FORT WORTH — NASCAR Cup Series driver Chris Buescher, a native of Prosper, says it’s very simple to describe a sunny July afternoon anywhere in Texas.
“It’s just miserable. Miserably hot,” said Buescher, chuckling at the prospect of strength-sapping heat during the O’Reilly Auto Parts 500 at Texas Motor Speedway on July 19. “It could very well be our hottest race of the year to-date, and possibly for the year.”
NASCAR’s Cup, Xfinity and Truck series originally were scheduled to compete on TMS’ high-banked/1.5-mile oval from March 27-29. The COVID-19 pandemic prompted NASCAR to shut down and retool its season, with TMS rebooked for the first big-time July racing weekend in its 23-year history.
Local weather forecasts call for ambient temperatures between 96-98 degrees next weekend, with heat indexes ranging between 105 and 110. The Cup race, scheduled for 334-laps/501 miles, will be televised at 2 p.m. (CDT) on NBC Sports Network. A Goodyear Racing engineer estimated track temperature at that time likely will read from 130 to 140 degrees.
“I have always wanted a hot, hot race where the track is slick and greasy,” TMS President/General Manager Eddie Gossage said. “That’s what these drivers want and they’re going to get it. It’ll be really interesting to see how this plays out because that’s their favorite condition — a slick, greasy racetrack.”
Saturday’s My Bariatric Solutions 300 Xfinity race (2 p.m.) and Vankor 350 Gander RV & Outdoors Truck race (7 p.m.) will be run without fans. Under guidelines issued by Gov. Greg Abbott on June 19, Sunday’s OAP 500 will accommodate up to 50% of TMS’ listed seating capacity of 135,000, including suites.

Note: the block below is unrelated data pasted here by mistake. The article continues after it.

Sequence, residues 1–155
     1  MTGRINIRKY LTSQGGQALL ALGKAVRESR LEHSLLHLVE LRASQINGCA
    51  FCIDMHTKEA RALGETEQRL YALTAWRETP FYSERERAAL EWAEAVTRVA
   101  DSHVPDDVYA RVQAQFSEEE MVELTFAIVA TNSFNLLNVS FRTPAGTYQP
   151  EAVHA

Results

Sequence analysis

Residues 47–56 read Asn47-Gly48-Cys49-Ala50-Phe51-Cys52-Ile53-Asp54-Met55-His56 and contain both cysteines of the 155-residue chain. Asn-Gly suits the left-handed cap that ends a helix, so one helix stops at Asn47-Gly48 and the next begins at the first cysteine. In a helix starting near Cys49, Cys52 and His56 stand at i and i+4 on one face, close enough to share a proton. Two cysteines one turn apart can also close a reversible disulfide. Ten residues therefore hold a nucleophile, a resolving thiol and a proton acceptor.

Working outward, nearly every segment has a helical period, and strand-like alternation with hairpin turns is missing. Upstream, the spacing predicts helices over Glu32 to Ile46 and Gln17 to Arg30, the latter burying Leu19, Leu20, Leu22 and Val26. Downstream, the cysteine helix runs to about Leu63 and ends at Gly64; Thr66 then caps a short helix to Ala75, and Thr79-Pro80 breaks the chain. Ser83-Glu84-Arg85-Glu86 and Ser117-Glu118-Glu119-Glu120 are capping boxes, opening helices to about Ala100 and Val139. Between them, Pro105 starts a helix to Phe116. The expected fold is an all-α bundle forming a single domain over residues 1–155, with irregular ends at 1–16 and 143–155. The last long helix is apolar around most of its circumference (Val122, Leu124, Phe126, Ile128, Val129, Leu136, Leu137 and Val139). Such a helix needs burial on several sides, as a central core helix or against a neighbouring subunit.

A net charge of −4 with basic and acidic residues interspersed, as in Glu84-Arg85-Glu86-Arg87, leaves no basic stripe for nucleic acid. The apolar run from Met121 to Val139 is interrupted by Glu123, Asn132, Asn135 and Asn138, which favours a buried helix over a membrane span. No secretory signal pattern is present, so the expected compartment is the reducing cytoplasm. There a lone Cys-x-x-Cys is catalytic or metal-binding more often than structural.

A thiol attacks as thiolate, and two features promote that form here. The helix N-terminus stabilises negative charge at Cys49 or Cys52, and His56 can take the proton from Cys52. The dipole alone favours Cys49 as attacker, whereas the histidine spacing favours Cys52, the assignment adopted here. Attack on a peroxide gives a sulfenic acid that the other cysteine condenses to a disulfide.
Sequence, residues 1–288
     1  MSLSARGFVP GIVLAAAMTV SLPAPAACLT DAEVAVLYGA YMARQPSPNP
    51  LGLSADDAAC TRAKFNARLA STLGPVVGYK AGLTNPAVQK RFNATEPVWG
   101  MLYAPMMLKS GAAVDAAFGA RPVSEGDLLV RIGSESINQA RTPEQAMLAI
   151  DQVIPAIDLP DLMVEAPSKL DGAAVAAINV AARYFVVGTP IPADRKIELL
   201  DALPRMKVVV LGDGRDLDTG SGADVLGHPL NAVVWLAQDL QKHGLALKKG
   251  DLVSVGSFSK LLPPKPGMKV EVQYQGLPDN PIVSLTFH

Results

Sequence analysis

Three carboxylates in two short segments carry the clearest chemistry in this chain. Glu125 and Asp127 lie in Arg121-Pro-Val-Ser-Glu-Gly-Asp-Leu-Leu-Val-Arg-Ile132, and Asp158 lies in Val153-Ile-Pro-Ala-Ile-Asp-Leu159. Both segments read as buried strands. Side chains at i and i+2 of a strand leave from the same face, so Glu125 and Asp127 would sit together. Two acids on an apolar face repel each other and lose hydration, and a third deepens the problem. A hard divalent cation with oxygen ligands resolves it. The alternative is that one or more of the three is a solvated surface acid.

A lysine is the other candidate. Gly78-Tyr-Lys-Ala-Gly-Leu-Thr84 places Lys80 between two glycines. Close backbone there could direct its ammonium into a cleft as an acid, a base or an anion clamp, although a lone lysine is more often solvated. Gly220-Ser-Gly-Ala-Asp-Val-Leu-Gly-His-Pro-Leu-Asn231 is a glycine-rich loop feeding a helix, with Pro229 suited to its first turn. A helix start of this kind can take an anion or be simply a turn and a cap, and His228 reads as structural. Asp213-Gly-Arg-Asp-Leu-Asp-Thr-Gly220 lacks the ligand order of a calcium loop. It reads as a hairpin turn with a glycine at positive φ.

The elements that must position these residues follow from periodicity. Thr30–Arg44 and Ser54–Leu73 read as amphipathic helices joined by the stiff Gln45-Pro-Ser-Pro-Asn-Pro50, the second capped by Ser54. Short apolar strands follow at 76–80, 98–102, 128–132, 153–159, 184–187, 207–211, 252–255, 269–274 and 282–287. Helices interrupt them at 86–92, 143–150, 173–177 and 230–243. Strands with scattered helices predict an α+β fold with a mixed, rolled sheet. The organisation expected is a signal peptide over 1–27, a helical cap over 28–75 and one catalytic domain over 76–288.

“We’re not coming close to that. I’m realistic about that,” Gossage said. “It’s not perfect. And these days we’re having a whole lot of ‘not perfect.’ But if we can go to Major League Baseball games in Arlington for almost 50 years now and sit out in the sun, we can do it for one day at the racetrack.”
That said, what will temps be like inside a Cup car at TMS?
“It’ll be anywhere from the 140 to 150 range, conservatively,” said Denny Hamlin, defending champion of this event and a four-time winner in 2020 wheeling the No. 11 FedEx Freight Toyota Camry fielded by Joe Gibbs Racing. “You’re probably looking more in the 150 range, so it will not be easy for sure.”
Buescher, 27, cut his racing teeth in Legends Cars during the heat of summers past on the Lil’ Texas Motor Speedway oval.
“I’d say we’d be lucky if we only get to 150 degrees,” said Buescher, who is in his first season of driving the No. 17 Fastenal Ford Mustang fielded by Roush Fenway Racing. “NASCAR’s been keeping up with temperatures inside race cars and we’ve seen thermometers mounted to our headrests the last couple years. The hottest I’ve ever seen was 158 numerically — but I did see one of our thermometers just say HOT. And so I want to know at what temperature it just goes to HOT. If it’s 100 degrees outside ambient temp, I’d say we’re definitely looking at somewhere in the 150-160 range inside the car. It’s very difficult to concentrate, especially by the end of these races.”
Hamlin, 39, said he might drop 11 pounds off his 170-pound frame during a four-hour race. “You don’t beat the heat. You’re not going to beat it,” said Hamlin, a three-time Cup winner at TMS. “From my perspective, the humidity is the biggest factor when it comes to how I feel in the race car. If it’s just temperature and not humidity, I can handle it. Humidity — that really drains the fluids out of you.”
Gossage recalled the old-school method “Alabama Gang” legends Bobby Allison and his late son, Davey, dreamed up to prep for races in the South. “They actually used to ride around in the summer with the windows in their (street) cars rolled up to try to get themselves in shape for Sunday,” Gossage said. “They were famous for doing it, and to give people an idea of what it’s like — that’s it.”
Buescher said that sounded like the sauna he used in the past as a training tool. “But I’m not going to get in a vehicle and turn the heat on with a sweatshirt on and drive around,” Buescher said with a laugh. “If there’s AC in a vehicle, I’m going to use it.”
John Sturbin is a senior writer at RacinToday.com, based in Fort Worth. He can be contacted at email@example.com.
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